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Social inequalities and nutritional disparities place ethnic minorities at a greater risk of developing severe COVID-19 and chronic conditions.

National survey data show that, in 2015 29.5% of American adults were obese and 33.4% were overweight. Obesity increases one’s likelihood of developing debilitating chronic degenerative non-communicable diseases (CDNCDs), such as heart disease, diabetes, and several cancers. This condition may also decrease an individual’s quality of life and life expectancy while simultaneously increasing healthcare costs. It’s understood that obesity presents multiple challenges. However, one area that requires greater attention is the relationships between the social inequalities related to obesity, COVID-19, and CDNCDs.

An umbrella review study published in the peer-reviewed journal, European Review for Medical and Pharmacological Sciences, sought to understand the link between obesity and the COVID-19 pandemic to social inequalities and nutritional disparities. Researchers located articles published between 2008 and 2021 on PubMed using the search terms: “COVID-19”, “obesity,” “disparities,” “nutritional inequalities,” “chronic degenerative non-communicable diseases,” and “review” OR “systematic review” OR “meta-analysis.”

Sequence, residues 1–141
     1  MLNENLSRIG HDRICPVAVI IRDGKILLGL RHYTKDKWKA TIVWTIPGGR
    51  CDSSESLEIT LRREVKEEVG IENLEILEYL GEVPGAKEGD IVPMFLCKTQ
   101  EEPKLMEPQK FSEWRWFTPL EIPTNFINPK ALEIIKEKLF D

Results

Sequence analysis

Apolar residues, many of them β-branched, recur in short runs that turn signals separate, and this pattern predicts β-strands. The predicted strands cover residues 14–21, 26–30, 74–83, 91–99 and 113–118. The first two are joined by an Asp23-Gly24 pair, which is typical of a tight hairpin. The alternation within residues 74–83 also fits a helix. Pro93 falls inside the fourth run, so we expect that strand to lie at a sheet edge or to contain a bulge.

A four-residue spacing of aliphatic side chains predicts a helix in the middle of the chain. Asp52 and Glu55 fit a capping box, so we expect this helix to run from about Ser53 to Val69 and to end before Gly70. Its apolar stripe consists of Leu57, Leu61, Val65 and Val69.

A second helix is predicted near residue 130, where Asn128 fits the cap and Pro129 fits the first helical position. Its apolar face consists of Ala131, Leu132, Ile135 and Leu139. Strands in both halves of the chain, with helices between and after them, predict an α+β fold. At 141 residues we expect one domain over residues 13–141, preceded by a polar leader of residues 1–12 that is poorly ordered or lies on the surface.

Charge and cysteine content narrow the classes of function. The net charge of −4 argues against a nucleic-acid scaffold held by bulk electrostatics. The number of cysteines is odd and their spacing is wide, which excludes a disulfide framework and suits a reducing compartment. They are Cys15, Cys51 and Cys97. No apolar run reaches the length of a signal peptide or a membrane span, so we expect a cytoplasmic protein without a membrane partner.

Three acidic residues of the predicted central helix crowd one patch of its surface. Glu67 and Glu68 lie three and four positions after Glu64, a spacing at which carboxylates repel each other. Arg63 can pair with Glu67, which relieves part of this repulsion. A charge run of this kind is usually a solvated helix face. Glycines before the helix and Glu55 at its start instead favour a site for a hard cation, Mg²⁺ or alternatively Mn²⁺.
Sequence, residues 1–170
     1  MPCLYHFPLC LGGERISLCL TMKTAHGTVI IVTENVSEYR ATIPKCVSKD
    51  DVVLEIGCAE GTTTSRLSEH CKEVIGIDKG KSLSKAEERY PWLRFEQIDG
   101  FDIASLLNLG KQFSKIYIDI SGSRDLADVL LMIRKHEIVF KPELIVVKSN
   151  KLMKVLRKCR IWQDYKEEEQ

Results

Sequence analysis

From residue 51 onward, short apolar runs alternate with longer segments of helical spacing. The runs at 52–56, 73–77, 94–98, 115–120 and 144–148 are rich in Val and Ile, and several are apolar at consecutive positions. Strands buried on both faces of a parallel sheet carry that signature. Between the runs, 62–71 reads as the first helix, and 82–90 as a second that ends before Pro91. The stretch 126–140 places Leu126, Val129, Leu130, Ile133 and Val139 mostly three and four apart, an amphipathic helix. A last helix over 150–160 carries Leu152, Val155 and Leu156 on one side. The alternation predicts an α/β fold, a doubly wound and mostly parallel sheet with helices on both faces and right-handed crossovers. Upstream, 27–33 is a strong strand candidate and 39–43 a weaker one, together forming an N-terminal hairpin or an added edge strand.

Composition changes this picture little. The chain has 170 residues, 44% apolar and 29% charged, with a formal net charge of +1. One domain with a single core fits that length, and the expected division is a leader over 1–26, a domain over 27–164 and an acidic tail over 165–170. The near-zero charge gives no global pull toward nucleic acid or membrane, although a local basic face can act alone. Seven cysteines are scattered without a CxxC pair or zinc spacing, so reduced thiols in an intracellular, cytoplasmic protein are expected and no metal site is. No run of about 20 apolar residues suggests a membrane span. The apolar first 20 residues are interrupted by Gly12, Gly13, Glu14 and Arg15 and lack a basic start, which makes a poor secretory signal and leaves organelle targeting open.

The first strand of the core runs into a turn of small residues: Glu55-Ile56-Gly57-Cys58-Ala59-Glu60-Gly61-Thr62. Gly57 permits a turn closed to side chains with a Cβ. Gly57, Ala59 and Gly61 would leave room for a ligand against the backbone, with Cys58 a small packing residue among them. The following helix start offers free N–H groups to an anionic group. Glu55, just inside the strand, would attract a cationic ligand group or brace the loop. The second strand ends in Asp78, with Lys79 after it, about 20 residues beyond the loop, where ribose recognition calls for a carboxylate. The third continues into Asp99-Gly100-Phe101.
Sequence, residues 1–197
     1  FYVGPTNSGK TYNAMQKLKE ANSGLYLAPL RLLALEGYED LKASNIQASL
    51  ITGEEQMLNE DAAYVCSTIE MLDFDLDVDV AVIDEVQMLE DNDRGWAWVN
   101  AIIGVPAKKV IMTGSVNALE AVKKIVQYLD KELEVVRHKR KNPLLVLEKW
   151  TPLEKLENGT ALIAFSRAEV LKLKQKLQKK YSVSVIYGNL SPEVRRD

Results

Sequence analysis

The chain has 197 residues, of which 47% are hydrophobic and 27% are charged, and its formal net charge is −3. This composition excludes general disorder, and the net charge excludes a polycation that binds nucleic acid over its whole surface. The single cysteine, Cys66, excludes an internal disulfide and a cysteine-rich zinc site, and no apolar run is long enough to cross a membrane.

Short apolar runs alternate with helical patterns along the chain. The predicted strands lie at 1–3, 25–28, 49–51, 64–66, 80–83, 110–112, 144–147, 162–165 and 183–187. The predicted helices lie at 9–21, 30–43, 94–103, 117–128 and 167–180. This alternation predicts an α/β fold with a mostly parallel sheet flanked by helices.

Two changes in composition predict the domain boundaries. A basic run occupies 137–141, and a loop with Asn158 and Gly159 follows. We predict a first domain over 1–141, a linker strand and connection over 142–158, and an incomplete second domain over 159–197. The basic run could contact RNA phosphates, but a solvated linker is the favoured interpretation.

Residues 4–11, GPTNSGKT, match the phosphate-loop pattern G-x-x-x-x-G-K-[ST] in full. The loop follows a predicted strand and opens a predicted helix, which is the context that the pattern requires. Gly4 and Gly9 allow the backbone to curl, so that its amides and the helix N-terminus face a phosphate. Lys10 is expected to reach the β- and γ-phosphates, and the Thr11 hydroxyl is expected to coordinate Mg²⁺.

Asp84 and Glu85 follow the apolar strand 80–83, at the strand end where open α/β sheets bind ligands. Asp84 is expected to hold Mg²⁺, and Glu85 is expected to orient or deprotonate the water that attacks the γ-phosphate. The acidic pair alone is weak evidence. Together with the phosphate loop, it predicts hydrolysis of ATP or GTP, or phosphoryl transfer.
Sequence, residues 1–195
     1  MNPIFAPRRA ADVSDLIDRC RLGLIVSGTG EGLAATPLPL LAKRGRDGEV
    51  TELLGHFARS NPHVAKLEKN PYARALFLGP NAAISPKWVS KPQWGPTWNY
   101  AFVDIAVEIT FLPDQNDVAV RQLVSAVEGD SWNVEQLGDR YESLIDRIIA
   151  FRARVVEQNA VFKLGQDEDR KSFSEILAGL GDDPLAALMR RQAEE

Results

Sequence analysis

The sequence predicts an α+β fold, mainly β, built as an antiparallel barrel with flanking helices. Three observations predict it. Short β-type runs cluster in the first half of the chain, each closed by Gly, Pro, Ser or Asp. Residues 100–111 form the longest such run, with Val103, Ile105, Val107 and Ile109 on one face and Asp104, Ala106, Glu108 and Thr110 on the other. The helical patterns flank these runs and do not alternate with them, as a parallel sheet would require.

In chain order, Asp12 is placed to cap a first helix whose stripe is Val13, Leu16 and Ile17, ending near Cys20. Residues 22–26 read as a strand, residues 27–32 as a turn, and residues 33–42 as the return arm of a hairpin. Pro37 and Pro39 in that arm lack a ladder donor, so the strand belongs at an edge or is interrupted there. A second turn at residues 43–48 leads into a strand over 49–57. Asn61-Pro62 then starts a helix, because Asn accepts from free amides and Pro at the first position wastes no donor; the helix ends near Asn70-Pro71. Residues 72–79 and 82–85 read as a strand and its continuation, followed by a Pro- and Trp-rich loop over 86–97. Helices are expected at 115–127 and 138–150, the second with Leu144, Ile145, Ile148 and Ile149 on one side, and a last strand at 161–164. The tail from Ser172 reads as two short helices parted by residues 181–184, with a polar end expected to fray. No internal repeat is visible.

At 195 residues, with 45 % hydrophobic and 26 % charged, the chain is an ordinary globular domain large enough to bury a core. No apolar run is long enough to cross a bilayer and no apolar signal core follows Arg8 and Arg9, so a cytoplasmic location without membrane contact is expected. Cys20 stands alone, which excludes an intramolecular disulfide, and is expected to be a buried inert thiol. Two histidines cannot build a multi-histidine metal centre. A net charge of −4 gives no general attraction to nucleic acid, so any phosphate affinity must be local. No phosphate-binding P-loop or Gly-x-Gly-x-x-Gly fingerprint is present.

Out of 1874 reviews found, 92 studies met the inclusion criteria. The study revealed that Black, Latin, and Native American populations experience the most severe clinical effects of COVID-19. One explanation for this regarding African American adults, in particular, is that they have a higher prevalence of obesity. As a result, they are more prone to suffer from worse COVID-19 symptoms and more likely to require ICU hospitalization and mechanical ventilation.

The evidence-based literature divulged how nutritional disparities driven by socioeconomic, educational, and environmental disadvantages significantly affect vulnerable communities. Many ethnic minority groups can only access low-cost, energy-dense, processed foods that increase their risk of obesity and malnutrition. This detrimental combination of unhealthy diet and sedentary lifestyle increase one’s risk of severe COVID-19 and CDNCDs.

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This study showed that the spread of infectious communicable diseases and CDNCDs is enabled in situations of social disparity. However, health education programs can help reduce these disparities. Additionally, policies that address food insecurity issues can assist in safeguarding vulnerable populations by improving access to quality food, which helps fight and prevent obesity and malnutrition.

De Lorenzo A, Cenname G, Marchetti M, et al. Social inequalities and nutritional disparities: the link between obesity and COVID-19. Eur Rev Med Pharmacol Sci. Jan 2022;26(1):320-339. https://pubmed.ncbi.nlm.nih.gov/35049011/

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